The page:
Kevin: We are trying to build a network of alumni who have taken the class in different prison locations–we are now in four prisons across the state. We can help them connect to each other. As more and more of our students are released, we aim to provide wraparound support such as writing support, financial aid support, academic advising, to help them navigate the intimidating landscape of higher education. We don’t want to be prescriptive, but to support people the best we can, regardless of the pathway they choose to pursue.
Krista: I love that Mark is going to be a social worker. You are going to be fabulous. So the tools that you learned are everything, when you are going out and taking the world like this.
Mark: The encouragement that this class has given you allows you to push forward. Because it wasn’t easy when I came home. I will give you an example. I was offered the position as the head security in two establishments in Madison. I brought it to my PO and my PO said “You can’t work there because they serve alcohol.” But alcohol had nothing to do with why I got in trouble! Classes made me strong inside so I can look at the situation and say “You know what? I will find another job. You are not going to stop me from moving forward. And guess what? I am going to be starting classes in September!”
Krista: What do you think about pursuing a college degree before taking those classes and what do you think now, especially with the goals for your future? It sounds like you already have your future planned out.
Mark: Before Odyssey, I did not have a specific plan as far as a degree or a career. But once I took the class, I started learning about people like James Baldwin, Joan Didion, and Toni Morrison. These phenomenal people have stories. They went through issues and they pushed forward. I remember when I first read one of James Baldwin’s pieces, I got mad because I have never heard of him. Here I am, I am 44-years-old and I am learning about one of the greatest men I have ever read about. Never met the man but he had impacted me. All those writings impacted me. My teacher impacted me. Everyone who came there and gave their time just to make sure we got through this class and just to show us that we are all worth more and we are able to do more. That is going to remain in my life forever.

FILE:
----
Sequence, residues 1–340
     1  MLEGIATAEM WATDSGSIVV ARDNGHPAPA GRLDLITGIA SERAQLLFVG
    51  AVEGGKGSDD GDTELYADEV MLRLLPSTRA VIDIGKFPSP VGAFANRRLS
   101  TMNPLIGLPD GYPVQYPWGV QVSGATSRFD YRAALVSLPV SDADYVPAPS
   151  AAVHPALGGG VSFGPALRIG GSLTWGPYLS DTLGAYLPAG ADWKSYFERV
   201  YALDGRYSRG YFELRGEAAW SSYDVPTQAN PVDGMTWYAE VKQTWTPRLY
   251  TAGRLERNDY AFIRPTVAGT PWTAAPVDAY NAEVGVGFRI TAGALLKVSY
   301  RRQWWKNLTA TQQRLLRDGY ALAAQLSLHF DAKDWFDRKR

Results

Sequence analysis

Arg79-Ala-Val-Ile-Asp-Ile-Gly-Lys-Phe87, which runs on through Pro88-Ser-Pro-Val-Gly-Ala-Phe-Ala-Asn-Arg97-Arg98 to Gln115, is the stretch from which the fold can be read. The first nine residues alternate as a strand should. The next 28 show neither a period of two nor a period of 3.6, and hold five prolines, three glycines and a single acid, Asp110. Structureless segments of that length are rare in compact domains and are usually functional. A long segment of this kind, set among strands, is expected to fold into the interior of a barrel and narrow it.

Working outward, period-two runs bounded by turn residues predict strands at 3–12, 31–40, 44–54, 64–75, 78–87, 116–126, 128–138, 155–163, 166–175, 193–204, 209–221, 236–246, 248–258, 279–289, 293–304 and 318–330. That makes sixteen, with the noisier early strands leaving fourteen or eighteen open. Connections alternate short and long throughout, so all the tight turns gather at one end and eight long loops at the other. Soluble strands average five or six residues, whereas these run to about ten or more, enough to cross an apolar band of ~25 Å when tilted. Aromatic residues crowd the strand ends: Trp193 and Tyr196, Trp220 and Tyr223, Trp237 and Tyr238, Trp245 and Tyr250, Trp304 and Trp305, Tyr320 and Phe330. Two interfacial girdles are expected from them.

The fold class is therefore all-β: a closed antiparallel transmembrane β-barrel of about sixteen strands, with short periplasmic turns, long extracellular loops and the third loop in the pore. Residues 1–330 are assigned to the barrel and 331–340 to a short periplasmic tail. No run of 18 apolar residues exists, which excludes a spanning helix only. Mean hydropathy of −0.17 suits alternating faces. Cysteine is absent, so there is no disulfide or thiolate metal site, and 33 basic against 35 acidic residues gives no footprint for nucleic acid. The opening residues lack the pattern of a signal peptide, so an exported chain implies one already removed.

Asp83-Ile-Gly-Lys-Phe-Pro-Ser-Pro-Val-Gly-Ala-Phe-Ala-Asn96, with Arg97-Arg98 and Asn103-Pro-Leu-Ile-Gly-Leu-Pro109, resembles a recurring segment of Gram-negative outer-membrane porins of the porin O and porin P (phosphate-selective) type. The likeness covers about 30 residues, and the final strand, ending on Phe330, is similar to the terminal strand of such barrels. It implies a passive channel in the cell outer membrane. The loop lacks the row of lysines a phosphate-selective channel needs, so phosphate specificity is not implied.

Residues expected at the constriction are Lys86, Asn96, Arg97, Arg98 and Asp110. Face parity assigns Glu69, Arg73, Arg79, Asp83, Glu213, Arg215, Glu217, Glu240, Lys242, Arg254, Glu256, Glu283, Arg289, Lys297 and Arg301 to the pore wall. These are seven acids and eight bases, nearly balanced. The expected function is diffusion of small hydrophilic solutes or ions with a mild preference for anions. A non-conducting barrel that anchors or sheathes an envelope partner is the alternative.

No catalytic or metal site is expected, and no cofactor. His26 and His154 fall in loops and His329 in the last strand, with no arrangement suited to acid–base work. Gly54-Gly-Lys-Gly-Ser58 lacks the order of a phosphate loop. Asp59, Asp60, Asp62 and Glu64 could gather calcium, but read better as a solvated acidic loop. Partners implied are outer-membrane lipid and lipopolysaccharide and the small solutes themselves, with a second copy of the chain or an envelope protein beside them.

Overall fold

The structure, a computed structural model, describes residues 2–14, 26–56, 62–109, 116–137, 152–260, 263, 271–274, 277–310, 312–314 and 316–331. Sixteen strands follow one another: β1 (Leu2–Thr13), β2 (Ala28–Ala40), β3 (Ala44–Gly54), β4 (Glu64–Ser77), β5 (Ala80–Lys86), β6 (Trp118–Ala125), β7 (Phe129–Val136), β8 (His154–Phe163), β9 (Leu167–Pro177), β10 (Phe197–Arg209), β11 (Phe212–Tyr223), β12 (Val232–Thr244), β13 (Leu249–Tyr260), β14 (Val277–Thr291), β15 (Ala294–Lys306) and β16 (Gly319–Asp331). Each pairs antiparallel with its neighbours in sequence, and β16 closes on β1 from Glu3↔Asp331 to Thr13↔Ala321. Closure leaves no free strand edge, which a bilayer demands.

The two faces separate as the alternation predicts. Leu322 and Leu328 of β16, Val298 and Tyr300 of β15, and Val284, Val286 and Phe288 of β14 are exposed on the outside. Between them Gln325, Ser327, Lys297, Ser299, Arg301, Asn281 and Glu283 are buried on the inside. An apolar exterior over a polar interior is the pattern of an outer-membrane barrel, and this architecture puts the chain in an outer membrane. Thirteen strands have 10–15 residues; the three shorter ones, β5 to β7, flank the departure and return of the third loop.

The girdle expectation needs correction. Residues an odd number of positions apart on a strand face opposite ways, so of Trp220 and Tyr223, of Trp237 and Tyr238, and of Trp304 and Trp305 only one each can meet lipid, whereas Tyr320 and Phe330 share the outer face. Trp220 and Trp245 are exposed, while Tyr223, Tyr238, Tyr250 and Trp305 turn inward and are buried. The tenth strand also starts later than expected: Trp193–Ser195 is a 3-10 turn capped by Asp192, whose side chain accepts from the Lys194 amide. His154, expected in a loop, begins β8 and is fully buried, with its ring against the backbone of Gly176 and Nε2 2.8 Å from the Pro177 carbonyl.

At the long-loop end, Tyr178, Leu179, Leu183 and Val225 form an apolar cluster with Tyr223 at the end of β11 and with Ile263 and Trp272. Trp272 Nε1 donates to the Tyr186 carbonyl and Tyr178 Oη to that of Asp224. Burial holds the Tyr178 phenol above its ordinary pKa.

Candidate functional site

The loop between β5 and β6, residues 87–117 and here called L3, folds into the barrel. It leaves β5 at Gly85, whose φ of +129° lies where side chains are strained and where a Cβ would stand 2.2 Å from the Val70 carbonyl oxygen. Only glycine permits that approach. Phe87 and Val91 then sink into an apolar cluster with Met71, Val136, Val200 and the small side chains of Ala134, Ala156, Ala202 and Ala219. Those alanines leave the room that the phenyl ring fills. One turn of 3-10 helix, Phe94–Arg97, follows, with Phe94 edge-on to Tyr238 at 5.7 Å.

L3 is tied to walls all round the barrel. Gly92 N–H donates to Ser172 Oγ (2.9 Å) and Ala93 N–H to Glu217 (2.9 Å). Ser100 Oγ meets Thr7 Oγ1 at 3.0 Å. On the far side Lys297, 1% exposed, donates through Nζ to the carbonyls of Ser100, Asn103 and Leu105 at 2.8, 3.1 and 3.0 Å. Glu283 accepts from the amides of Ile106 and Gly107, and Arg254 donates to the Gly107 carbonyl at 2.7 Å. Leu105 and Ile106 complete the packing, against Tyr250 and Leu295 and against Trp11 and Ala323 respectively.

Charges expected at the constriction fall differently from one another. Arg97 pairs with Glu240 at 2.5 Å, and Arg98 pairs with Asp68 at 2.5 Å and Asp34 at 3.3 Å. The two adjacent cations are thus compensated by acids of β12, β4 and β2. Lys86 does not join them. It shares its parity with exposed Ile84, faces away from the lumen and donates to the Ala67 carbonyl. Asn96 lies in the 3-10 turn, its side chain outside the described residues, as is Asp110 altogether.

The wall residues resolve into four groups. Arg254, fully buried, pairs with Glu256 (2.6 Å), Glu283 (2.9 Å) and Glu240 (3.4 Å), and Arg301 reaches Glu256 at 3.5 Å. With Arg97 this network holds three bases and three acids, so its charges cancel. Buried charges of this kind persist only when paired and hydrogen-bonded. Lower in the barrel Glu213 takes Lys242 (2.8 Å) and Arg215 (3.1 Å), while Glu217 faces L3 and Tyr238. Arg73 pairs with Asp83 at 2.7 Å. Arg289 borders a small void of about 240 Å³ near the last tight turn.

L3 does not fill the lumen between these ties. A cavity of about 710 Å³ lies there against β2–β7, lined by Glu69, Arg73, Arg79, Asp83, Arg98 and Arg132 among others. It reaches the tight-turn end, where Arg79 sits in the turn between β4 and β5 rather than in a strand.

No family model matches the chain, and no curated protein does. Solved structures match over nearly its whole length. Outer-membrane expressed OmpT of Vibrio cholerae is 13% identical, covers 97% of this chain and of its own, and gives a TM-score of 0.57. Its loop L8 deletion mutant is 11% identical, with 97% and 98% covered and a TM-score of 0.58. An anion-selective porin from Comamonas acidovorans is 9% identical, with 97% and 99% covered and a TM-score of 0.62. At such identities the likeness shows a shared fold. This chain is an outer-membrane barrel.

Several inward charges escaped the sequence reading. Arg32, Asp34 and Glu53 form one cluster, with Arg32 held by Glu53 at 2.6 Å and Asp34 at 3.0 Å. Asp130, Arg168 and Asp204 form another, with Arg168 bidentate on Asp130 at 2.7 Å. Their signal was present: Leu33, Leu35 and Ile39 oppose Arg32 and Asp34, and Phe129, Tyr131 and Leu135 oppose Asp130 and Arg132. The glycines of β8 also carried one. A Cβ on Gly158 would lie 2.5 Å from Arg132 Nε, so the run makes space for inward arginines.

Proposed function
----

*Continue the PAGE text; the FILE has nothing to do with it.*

Everyone who came there and gave their time just to make sure we got through this class and just to show us that we are all worth more and we are able to do more. That is going to remain in my life forever.
Krista: Kevin, when you look at Mark and many of your students, what does it say to you?
Kevin: What it says to me is that every individual has a voice, and the ability to get their thoughts out there in a way that will impact the world around them. If you can just provide the structure of support around people, they will pursue something because they have the passion, drive, and clarity. Just to be able to find a way to help people move forward is a terrific thing to do. I just love being a part of the process.
Krista: Kevin, how can people get involved and support the Odyssey Program?
Kevin: I would start with the website odyssey.wisc.edu. There is information about the history of the project, the people involved. You can read samples of students’ writing. But you can also find the volunteer page if you have a certain set of skills. For example, we are always looking for writing tutors as we expand. And of course, you can donate money and time. In our community classroom, we have people donate entire meals because we eat together before class. There are many ways to get involved and we are a growing program.
Krista: I am so glad that you are here and I am so glad that I had the opportunity to learn more about it and to share this with the community. I know you have got a lot of people showing you love right now, listening, so again thank you for everything you are doing.